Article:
Posts Tagged ‘American Symphony Orchestra’
The American Symphony Orchestra’s 50th Birthday Celebration: Leon Botstein Conducts Ives’ Fourth and Mahler’s Eighth
Leopold Stokowski seemed to float in and out of Carnegie Hall last Saturday evening, as Leon Botstein led the American Symphony Orchestra in their festive—and massive—50th birthday celebration. In fact Maestro Botstein made it perfectly clear that the concert was as much about the founder as it was about the orchestra in his introductory talk and in his important program note, available on the ASO site. The American Symphony Orchestra was the fruit of over twenty-two years of short-lived attempts by Stokowski to found orchestras which put into practice a few ideals that were dear to his heart: bringing American-born and -trained musicians into the mainstream of classical music, to make orchestral concerts easily and inexpensively available to working people, and to play repertory outside the most familiar classics.
See also: “Orientalism in France: Leon Botstein and the ASO play Saint-Saëns, Franck, Ravel, Delage, and Bizet’s one-act opera, Djamileh at Carnegie Hall” Camille Saint-Saëns (1835-1921) is, like his friend Franz Liszt, an exemplary subject for the Bard Summer Music Festival: his world was large, and he was vitally connected with it. He was recognized [...]
Orientalism in France: Leon Botstein and the ASO play Saint-Saëns, Franck, Ravel, Delage, and Bizet’s one-act opera, Djamileh at Carnegie Hall
In a happy coincidence this delightful evening of French orientalist music occurred just as I was coming to the end of Ralph P. Locke’s stimulating book, Musical Exoticism, Images and Reflections (Cambridge University Press, 2009). Without repeating much that I’ll say in my review, I think I should say here that reading it most definitely added to my enjoyment of the concert, and that is serious praise for a book about music. Professor Locke goaded me into looking at the rhetoric of exoticism as a multifaceted historical phenomenon, which carried as many different connotations for the members of Bizet’s or Ravel’s own audiences as they do for us. This is not by any means the thesis of the book, but it is a salutary corollary lesson. Ultimately, however, neither that, nor Leon Botstein’s witty, balanced, and impressively perceptive pre-concert lecture, nor his and Jann Pasler’s excellent essays can quite put us back into those audiences’ top hat, tails, and spats. Perhaps champagne is in order. What was most palpably present in Carnegie Hall that night was some supremely imaginative and enjoyable music, much of it more substantial than one might have expected.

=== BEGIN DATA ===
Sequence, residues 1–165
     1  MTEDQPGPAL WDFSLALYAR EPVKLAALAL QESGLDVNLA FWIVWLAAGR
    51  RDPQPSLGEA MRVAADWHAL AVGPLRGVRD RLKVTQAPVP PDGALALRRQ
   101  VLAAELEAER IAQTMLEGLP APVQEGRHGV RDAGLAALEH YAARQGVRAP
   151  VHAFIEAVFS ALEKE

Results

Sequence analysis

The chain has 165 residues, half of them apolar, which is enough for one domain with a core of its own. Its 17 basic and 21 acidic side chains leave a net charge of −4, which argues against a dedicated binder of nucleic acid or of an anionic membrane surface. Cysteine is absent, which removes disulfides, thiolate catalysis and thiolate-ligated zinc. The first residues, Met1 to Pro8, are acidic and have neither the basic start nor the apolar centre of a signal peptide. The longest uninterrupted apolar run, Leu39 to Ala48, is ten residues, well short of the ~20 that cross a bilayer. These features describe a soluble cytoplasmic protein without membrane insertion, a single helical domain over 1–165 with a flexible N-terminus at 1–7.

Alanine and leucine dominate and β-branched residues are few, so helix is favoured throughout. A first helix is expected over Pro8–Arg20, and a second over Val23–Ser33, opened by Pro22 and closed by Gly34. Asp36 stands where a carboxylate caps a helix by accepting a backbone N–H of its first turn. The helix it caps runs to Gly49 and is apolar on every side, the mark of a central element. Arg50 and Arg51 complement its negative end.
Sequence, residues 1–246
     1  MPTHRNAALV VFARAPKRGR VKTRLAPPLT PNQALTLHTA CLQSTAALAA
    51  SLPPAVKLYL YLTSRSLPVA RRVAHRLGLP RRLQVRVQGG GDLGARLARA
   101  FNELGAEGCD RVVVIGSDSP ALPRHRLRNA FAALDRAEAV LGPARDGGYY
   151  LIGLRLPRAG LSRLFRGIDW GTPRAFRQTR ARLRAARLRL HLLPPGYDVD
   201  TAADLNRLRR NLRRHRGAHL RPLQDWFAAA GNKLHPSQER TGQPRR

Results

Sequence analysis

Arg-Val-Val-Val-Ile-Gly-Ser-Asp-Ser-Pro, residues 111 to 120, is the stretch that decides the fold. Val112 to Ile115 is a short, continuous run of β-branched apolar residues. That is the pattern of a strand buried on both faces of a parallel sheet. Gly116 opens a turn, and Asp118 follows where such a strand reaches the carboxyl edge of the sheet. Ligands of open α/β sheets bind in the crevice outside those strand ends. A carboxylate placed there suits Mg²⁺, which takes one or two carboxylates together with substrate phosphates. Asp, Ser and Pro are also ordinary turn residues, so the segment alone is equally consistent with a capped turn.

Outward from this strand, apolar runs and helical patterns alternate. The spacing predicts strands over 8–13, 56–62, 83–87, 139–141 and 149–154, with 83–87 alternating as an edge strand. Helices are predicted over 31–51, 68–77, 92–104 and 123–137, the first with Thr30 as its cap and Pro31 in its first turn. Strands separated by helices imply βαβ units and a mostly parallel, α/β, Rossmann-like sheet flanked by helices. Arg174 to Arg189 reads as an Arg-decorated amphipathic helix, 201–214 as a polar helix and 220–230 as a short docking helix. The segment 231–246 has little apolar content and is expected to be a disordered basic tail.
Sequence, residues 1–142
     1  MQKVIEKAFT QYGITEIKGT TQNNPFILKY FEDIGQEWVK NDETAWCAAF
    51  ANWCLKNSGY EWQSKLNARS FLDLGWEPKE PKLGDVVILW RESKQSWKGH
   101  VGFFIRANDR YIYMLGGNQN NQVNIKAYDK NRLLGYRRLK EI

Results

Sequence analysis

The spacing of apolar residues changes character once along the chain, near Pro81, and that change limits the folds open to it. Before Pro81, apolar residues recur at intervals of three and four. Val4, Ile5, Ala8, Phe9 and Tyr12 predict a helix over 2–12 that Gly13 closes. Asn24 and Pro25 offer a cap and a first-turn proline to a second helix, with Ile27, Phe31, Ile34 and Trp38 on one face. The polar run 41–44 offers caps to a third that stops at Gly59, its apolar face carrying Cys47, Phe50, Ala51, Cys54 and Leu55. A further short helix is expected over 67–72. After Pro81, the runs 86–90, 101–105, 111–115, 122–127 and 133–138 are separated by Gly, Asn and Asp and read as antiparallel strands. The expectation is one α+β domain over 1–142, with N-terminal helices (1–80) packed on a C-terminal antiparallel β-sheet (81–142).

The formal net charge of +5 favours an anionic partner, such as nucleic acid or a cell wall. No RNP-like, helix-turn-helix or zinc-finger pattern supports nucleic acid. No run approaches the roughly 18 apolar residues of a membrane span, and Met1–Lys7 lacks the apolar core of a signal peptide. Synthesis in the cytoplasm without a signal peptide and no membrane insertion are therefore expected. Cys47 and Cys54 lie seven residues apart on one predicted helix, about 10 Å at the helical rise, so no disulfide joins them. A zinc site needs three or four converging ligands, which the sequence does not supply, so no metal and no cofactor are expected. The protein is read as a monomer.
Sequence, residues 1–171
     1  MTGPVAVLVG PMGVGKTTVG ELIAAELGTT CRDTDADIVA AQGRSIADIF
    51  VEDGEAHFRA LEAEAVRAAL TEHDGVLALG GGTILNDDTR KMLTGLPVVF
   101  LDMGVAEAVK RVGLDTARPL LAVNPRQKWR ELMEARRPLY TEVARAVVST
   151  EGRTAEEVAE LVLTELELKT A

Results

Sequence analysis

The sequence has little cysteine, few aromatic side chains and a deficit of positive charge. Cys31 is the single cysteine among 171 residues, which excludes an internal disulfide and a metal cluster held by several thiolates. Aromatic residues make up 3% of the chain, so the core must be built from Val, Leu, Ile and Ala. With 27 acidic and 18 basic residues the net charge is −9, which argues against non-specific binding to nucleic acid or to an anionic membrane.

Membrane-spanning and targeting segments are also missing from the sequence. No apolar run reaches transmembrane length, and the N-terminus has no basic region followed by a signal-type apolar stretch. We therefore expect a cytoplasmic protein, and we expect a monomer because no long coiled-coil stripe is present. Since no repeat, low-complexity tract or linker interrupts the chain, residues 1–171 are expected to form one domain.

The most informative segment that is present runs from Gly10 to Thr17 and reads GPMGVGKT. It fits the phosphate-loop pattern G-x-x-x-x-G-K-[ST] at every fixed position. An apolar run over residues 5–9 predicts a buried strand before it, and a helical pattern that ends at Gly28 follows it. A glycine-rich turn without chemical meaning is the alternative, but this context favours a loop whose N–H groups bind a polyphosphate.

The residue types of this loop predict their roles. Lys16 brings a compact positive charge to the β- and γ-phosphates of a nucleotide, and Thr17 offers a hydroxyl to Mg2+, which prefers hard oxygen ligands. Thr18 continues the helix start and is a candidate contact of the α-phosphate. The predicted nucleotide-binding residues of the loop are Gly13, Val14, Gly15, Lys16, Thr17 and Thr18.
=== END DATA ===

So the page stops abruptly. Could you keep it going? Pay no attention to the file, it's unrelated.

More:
Originality is a hard concept to get a hold of — there is no yardstick for measuring it, by its very nature. This makes the evaluation of composers, the assessment of their influence and historical position, one of the most subjective areas of music history and criticism. Contemporary writers have become impatient with their predecessors’ habit of rating composers in terms of “importance” or “greatness” based, at least in part, on their originality. And then there is the issue of “unique voice” — is that the same as originality? Is their any good composer who lacks either one? Can “uniqueness” be evaluated?
Music at Bard: Conservatory Faculty and Students, Fisher Center, American Symphony Orchestra, Opera, Summerscape, Bard Music Festival
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Fisher Center presents a Weekend of Brahms – Tragic Overture and A German Requiem under Botstein, Bagwell and Howlett
Fisher Center presents a Weekend of Brahms Sosnoff Theater, Fisher Center for the Arts Bard College Friday, April 15 – Saturday, April 16, 2011 Johannes Brahms Tragic Overture, Op. 81 (1880) A German Requiem, Op. 45 (1865–68) Members of the American Symphony Orchestra Bard Conservatory Orchestra Leon Botstein, Conductor Bard College Chamber Singers (James Bagwell, [...]
Classics Declassified: Leon Botstein’s Tour of the Beethoven Symphonies with the ASO at Peter Norton Symphony Space, New York
For some reason that escapes me 2009 has become a “Beethoven year,” or at least a “Beethoven symphony year.” James Levine,* Leon Botstein, and Gerard Schwarz, to name only the conductors who immediately come to mind, have seen fit to begin Beethoven symphony cycles this year. 1809, however, was almost a fallow year for the [...]
American Symphony Orchestra, Leon Botstein conductor Sunday, January 25, 2009 at 3 pm, Avery Fisher Hall Marjorie Owens, soprano Hanns Eisler (1898-1962): Auferstanden aus Ruinen, Hymne der DDR (1949) Rudolf Wagner-Régeny (1903-69): Mythological Figures (1951) – US premiere I. Ceres II. Amphitrite III. Diana Paul Dessau (1894-1979): In memoriam Bertolt Brecht (1957) – US premiere [...]